By Owner & Brewmaster Kevin "Smitty" Smith
Patience. Sometimes we have it. Sometimes we don’t. We all know that it is a virtue. We know that it comes to those who wait. There are hundreds and thousands of sayings, adages, and proverbs telling us the importance of it. For those of us that ferment things for a living, we have had to embrace this concept. For us, patience is as much an ingredient as our yeast.
Shortly after I fell in love with beer—the india pale ale to be exact—I became enamored with the barrel-aged beer. Sure, the IPA takes patience. It takes most of the day to mash the grains and collect, boil, and cool the wort. All the while, we are jamming hops in every nook and cranny. Next, fermentation takes time. We wait. But as soon as we can, we must add more hops to this concoction—which can take a day, maybe two, sometimes a week. After extracting our dear, dear oils and terpenes, we (on the west coast) wait days upon days to precipitate out all of the hard-working yeast, beautiful hops, and complex proteins that wander aimlessly through our tanks. We do this with the lone purpose of delivering a crisp, clean, clear frothy beverage to our consumers that not only bursts with aroma but leaves the flavors splitting at the seams. My goodness, patience is not easy. Warriors we are.
However, that is just for a silly, little IPA. What is two or three weeks? That’s easy. What about six months, or a year, possibly two? That kind of patience is a little more difficult. That kind of patience is calculated. That kind of patience is nerve-wracking. Barrel-aged beers can test every last ounce of patience you have.
To me, barrel-aged beers were uncharted territory. Hops were a security blanket. I knew how to grow hops, how they smelled and tasted, and how they translated into a beer. Yet, barrel-aged beers seem to have an unmistakable complexity to them. Things like malt, and normal yeast, and oak, and “wild” (i.e. not-normal) yeast must meld together into double-, triple-, or quadruple-helixes that are hardly explainable in this type of format. These complexities make the exploration of these beers unsettling. Yet, while hunkering down through a Danish summer, I dreamt of my very first barrel-aged beer recipe. Light and crisp. Bubbles explode above the glass like the French Champagne of wines. The base beer alone makes your mouth water. A tapestry of continental malts is intrinsically woven together with the delicate touch of Belgian yeast. Neither one tries to outshine the other. For together, they are stronger. Nearly a year passed while this beer sat in barrels made of only the finest French oak—handcrafted by world class coopers. The barrels previously held a wine that was so beautifully fashioned it made sommeliers quit their job on the spot. So utterly exquisite that it made queens blush. During that long, long year in barrels, Brettanomyces chiseled away any impurities. Cleaned up any blemish. With time and patience—unwavering, unadulterated patience –this beer became something bigger than any one beer. It became greater than the sum of its parts. It was perfect for every season. It paired with all meals. Liquid bliss.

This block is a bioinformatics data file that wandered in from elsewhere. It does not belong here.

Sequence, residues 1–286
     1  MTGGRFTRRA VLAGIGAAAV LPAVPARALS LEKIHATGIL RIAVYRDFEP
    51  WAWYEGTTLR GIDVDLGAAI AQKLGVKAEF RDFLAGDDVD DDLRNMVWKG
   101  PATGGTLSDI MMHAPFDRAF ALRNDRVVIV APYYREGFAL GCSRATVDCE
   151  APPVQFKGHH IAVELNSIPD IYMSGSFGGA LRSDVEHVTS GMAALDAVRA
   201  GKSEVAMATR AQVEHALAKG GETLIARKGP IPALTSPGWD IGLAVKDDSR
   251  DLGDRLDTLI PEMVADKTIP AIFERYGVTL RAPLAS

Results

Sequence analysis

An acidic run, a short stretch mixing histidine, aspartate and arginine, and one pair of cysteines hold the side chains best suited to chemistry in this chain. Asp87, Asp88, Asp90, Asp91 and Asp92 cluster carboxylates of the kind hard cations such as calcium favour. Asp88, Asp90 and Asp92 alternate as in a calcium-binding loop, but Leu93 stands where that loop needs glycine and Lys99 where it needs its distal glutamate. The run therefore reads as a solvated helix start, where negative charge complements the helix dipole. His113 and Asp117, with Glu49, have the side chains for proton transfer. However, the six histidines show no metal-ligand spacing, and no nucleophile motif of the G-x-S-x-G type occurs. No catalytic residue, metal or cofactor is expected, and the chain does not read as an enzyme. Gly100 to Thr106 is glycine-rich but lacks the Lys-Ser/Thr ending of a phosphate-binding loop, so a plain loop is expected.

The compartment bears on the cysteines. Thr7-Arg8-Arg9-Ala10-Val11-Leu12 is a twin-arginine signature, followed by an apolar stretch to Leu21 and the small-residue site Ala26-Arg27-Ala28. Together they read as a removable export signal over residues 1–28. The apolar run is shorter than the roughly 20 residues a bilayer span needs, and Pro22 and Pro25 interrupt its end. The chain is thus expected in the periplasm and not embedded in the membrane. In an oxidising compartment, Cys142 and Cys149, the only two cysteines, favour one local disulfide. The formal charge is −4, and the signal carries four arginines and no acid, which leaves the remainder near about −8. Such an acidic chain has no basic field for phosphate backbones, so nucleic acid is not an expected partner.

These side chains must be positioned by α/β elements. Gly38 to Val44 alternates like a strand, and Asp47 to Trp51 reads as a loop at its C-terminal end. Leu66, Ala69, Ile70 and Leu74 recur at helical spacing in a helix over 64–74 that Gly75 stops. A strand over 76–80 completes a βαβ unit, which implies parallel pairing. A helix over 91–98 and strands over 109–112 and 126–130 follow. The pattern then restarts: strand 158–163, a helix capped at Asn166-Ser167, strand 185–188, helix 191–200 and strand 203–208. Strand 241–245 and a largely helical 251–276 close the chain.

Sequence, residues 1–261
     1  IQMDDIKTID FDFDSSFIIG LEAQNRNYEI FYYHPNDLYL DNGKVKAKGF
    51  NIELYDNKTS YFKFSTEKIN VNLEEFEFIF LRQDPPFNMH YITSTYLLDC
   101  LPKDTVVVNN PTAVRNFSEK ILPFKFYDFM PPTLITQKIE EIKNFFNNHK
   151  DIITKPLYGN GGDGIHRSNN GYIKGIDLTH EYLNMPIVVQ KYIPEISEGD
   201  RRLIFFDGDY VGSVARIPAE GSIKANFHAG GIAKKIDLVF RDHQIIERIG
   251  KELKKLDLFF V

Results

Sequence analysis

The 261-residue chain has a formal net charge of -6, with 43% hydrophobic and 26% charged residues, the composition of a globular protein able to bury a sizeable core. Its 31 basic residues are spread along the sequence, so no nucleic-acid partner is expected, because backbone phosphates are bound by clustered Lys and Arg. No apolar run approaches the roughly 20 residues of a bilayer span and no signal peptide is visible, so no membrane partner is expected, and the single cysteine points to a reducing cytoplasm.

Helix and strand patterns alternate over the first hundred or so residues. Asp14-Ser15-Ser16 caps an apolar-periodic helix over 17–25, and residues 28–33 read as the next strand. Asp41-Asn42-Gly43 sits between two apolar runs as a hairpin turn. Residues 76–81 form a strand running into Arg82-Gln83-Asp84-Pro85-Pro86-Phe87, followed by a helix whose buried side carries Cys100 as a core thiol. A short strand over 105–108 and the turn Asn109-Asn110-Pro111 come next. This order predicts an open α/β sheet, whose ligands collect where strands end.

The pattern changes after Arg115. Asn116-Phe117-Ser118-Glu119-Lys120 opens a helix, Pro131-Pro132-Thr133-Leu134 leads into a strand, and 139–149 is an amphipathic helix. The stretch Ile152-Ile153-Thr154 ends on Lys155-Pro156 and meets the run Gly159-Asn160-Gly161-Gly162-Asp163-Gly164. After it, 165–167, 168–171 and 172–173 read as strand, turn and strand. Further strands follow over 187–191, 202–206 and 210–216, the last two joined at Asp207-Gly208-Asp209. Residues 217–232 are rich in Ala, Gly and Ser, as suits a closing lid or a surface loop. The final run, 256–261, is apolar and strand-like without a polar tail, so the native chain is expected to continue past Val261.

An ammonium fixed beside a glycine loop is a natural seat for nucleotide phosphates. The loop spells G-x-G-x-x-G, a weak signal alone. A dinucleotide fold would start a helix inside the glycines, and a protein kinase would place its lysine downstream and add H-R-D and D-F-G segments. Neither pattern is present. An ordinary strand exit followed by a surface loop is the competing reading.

Two years. Two years, it took, before a jet-lagged daydream became a reality. Two years to find the right combination of malt, yeast, wood, and happy, little accidents. Two. F*cking. Years. And this weekend, we are not going to be releasing that beer. I drank all of that beer. And, I forgot to write down the recipe.
However, we are going to release three other beers that were pretty hard to make, too.
Shaky Grounds Spiced Brown Ale (9.4% abv & 29 ibu) was brewed as a collaboration with Crafted Coffee Roasters and featuring their single-origin Ethiopian light roast. We added vanilla bean, cinnamon, and cacao, then aged 10 months in Jameson whiskey barrels and released just in time to make your winter fireside dreams come true.
After Midnight Whisky Stout (10.2% abv & 40 ibu) was brewed as a part of our Caskmates collaboration with Jameson, they sent us Irish whiskey barrels to play with all the way from Middleton. We used a complex dark beer recipe based on our Dormancy stout and aged 12 months in whiskey barrels, adding extra booze and slight sweetness. Designed for after dinner. Pairs well with rich desserts.
Wildwood Belgian Strong Ale (10.6% abv & 36 ibu) was aged 10-22 months in Yakima Valley red winebarrels with Brettanomyces claussenii, a wild yeast known for its pineapple-like fruity esters and savory, leather notes. Pairs well with lamb chops, leftover Thanksgiving turkey, or pork roast. We expect this beer to age well over the next 3-6 months, with the barrel tannin mellowing with age and the Brettanomyces character continuing to evolve.
Posted December 06, 2019